Mills College professor wins highest math award
OAKLAND, Calif. (KGO) -- A Mills College professor has won the nation's highest award for teaching math. Zvezdelina Stankova, Ph.D., has made it her mission to inspire Bay Area students to follow a path in mathematics.
Stankova probably wouldn't be here had it not been for her math teacher in her native Bulgaria. In class one day she was given a second chance to solve a math problem.
"I was very puzzled how my classmates could do it and I couldn't. I couldn't believe it, that that was the case. So I went to the math circle and three months later I won the local math Olympiads with a perfect score," said Stankova.
That day her teacher told her, "What comes from within you, can take you very far." Stankova now gives that advice to all her students.
"I think Zvezda is good at laying out a lesson. You can tell that she knows it all backwards and forwards, but she is really good at connecting and knowing where you are," said one Mills College student.
"I feel that after doing so much mathematics, your brain works a certain way and it's a lot easier to tackle any sort of problem," said Mills College student Jess Martin.
Stankova has taught math at Mills College in Oakland for nearly 12 years. During that time, math majors and minors at Mills have more than doubled.
In 1998, Stankova founded the Berkeley Math Circle, a weekly afterschool program meant to engage students in a fun and exploratory way.
"What we are doing is great in the sense that we are introducing methods that have worked other countries. And it's great that the math circle movement is spreading throughout the United States," said Stankova.
But she would like to see even more American students become passionate about math, like in Bulgaria. She says teachers there are highly regarded and appreciated.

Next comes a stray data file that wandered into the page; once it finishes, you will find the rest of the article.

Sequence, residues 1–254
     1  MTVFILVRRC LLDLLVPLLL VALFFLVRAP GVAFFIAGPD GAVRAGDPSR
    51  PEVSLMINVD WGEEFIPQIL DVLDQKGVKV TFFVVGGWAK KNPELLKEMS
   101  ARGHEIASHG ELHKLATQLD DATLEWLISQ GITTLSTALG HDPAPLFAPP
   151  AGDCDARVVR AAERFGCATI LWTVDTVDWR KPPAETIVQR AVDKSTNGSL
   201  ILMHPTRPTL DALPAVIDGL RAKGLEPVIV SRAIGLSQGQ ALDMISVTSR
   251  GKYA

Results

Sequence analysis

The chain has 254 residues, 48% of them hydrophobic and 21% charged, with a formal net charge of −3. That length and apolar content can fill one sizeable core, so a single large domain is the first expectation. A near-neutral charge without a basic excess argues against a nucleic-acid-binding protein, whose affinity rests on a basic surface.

"The central government actually supported those circles by compensating those teachers who were doing the circles," said Stankova.
In 1987 she represented her country in the international math Olympiads, at the time, held in Cuba. The American team made up of all boys was impressed.
"They were, 'Wow, there are two girls on the same team?'" said Stankova.
A decade later in 1998 the U.S. finally sent a girl to compete -- Melanie Wood -- guess who trained her?
"I am very proud to say I trained the U.S. team at that time and so I trained Melanie also. She went on to win two silver medals at the International Math Olympiads," said Stankova.
Today Wood is doing post doctoral work at Stanford. Stankova has inspired other students. Katie Diaz was a student and one of her teaching assistants. Diaz also tutored high school students.
"First generation, college bound high school students and I started tutoring them and they understood the way I communicated math with them and you could see the light bulb come on," said Diaz.
Today Diaz develops intervention programs for teachers whose students are having a hard time with math.
Last month, the Mathematical Association of America awarded Stankova the Haimo Award for distinguished college teaching of math. Stankova was as excited as she was when she solved her first Rubik's Cube in her parent's car. At the time she was only in 5th grade -- an achievement that has led to many more.
"And it worked right there in the car. I screamed just like 'Goal!' like for the soccer championship. That was the equivalent for me personally," said Stankova.
So, ABC7 salutes Stankova, for sharing her love of mathematics with her students.
abc7 salutes, lyanne melendez
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